Last year, Dohmann and his students made “Proficient and I Know It,” a takeoff on then-ubiquitous “Sexy and I Know It” by LMFAO. The year before, it was “Math and Reading,” a rewritten version of “Black and Yellow” by Wiz Khalifa.
This spring, Dohmann and three middle-schoolers collaborated on “Rock That CAS” to the tune of “Thrift Shop” by Macklemore.
“I’m gonna rock that CAS, only got 20 sharpened in my pocket,” raps one student, clutching 20 No. 2 pencils in his hand.
“Harvard wants me with what I got on that math section,” raps another.
“I scored ‘advanced’ on both, my brain’s incredible,” sings a third.
The video features dance scenes with dozens of Jefferson students and cameo appearances that include the school’s principal, wearing roller skates; Claribelle, the ghost rumored to live on Jefferson’s third floor; and Schools Chancellor Kaya Henderson.
The music video premiered at a Jefferson pep rally last week. It was a hit.
“Everybody was congratulating us,” said William Harrell, 12, one of the three stars. “People were singing it in class.”
Music videos have become an unofficial D.C. CAS thing, produced by teachers at schools across the city each spring. This year, “Harlem Shake” was among the most popular songs to parody.
“However you can get a really positive culture around this experience, the better the end result is going to be,” Dohmann said. “That’s my motivation for doing this, taking that pressure away, getting everyone excited.”
Teachers say the pressure they feel to improve test scores inevitably affects students.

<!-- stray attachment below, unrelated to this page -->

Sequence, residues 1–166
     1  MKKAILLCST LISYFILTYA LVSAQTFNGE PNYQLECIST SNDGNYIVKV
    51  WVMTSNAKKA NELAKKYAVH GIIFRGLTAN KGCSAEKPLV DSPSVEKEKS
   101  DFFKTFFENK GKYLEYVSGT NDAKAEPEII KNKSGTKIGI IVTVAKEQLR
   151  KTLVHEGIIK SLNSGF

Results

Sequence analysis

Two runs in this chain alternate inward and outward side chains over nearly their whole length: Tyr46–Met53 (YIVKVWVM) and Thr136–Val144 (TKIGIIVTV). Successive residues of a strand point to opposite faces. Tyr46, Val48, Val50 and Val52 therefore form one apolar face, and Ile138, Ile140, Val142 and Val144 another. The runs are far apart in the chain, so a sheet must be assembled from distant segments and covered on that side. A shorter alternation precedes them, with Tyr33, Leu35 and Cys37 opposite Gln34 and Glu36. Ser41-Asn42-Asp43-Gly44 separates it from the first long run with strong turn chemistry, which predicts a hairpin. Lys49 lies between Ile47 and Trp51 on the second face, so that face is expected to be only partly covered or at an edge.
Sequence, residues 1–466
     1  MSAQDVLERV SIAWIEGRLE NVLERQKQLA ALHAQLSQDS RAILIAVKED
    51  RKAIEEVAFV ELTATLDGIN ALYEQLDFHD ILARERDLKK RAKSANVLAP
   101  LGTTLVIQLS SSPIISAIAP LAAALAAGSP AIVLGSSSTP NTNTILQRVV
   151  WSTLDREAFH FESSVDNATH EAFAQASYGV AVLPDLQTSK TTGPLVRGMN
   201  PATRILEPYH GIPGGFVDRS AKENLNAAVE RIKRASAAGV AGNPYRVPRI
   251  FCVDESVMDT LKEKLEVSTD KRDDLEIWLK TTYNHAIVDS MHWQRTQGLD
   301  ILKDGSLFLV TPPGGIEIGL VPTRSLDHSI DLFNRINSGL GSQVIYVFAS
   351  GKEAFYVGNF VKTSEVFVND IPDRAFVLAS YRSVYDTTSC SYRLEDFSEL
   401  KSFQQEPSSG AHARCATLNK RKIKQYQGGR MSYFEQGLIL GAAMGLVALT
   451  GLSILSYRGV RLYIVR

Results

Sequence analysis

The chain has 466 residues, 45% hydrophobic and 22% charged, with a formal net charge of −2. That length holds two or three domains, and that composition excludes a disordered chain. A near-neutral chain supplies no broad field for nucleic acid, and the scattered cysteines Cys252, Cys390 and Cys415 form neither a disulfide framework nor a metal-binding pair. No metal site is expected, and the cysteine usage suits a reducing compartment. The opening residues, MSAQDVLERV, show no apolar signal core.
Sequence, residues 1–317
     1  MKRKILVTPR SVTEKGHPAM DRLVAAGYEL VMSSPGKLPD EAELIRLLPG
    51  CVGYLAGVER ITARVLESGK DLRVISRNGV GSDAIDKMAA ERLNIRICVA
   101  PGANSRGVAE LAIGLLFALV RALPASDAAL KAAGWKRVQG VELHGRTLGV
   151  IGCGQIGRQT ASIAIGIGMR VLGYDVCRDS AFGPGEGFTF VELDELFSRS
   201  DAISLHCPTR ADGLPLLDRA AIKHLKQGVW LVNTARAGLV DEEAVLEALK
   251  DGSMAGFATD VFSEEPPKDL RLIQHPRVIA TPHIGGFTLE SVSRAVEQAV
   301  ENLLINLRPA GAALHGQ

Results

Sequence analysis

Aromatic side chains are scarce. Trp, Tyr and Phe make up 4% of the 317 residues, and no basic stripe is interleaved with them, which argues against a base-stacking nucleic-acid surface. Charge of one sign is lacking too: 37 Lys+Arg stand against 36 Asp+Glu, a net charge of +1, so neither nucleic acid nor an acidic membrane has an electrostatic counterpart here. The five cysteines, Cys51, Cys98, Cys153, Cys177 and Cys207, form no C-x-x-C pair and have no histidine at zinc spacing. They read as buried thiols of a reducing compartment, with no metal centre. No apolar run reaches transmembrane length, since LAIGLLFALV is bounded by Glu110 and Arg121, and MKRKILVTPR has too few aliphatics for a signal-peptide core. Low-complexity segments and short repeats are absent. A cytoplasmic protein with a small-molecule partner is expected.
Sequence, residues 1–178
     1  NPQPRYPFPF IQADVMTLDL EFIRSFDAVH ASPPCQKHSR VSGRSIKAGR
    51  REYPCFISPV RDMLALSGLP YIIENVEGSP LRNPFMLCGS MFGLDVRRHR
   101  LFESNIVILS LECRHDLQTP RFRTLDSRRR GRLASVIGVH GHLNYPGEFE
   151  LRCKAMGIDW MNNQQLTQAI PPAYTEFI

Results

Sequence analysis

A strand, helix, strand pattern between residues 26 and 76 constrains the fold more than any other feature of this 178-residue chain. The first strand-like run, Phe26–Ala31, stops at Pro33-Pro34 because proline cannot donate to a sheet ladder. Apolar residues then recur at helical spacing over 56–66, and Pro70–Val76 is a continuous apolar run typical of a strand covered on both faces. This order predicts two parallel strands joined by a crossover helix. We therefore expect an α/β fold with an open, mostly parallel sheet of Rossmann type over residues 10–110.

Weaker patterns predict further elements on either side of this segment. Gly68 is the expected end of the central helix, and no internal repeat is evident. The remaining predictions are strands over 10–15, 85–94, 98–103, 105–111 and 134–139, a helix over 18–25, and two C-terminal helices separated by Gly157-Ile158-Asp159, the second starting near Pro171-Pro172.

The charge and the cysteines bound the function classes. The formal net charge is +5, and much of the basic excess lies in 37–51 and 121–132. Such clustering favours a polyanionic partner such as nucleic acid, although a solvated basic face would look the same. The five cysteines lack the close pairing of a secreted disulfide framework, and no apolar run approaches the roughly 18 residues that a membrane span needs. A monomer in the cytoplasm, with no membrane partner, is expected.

“Everyone’s uptight,” Carol Foster, who coordinates the arts-integration program at Savoy Elementary, said on the eve of testing Monday.
Savoy’s pep rally was a chance to let some of that pressure go. The crowd erupted in dance. Students sang for their classmates, pre-K youngsters offered messages of encouragement, and teachers donned tiger masks in honor of the school’s mascot.
“Scandal” star Kerry Washington, a George Washington University alumna, sent a good-luck video. When the children returned to their classrooms, they received orange T-shirts imprinted with a slogan similar to the Adidas shirts that players wore in the past NCAA basketball season: “Savoy Elementary School Tigers: Rise to the Occasion, April 2013.”
Principal Patrick Pope is trying to use the arts to transform Savoy, a school where poverty is pervasive and fewer than one-fifth of students are proficient in math and reading. It’s an effort that will be judged largely on the results of the D.C. CAS, this year and in the future.
“We know how smart you are,” Pope told his students. “We know how talented you are. We know how hard you’ve worked all year. Now is your chance to show it.”